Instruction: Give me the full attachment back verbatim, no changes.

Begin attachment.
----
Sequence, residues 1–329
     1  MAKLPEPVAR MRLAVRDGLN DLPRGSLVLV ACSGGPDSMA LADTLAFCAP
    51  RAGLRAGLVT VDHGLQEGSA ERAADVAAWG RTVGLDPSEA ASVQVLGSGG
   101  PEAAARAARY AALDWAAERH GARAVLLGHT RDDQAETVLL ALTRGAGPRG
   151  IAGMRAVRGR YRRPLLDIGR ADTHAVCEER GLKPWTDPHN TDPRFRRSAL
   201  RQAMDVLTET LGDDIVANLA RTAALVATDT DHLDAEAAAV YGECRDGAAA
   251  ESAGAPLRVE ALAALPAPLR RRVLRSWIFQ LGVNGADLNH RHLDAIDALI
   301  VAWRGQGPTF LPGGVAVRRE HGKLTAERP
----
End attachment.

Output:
Sequence, residues 1–329
     1  MAKLPEPVAR MRLAVRDGLN DLPRGSLVLV ACSGGPDSMA LADTLAFCAP
    51  RAGLRAGLVT VDHGLQEGSA ERAADVAAWG RTVGLDPSEA ASVQVLGSGG
   101  PEAAARAARY AALDWAAERH GARAVLLGHT RDDQAETVLL ALTRGAGPRG
   151  IAGMRAVRGR YRRPLLDIGR ADTHAVCEER GLKPWTDPHN TDPRFRRSAL
   201  RQAMDVLTET LGDDIVANLA RTAALVATDT DHLDAEAAAV YGECRDGAAA
   251  ESAGAPLRVE ALAALPAPLR RRVLRSWIFQ LGVNGADLNH RHLDAIDALI
   301  VAWRGQGPTF LPGGVAVRRE HGKLTAERP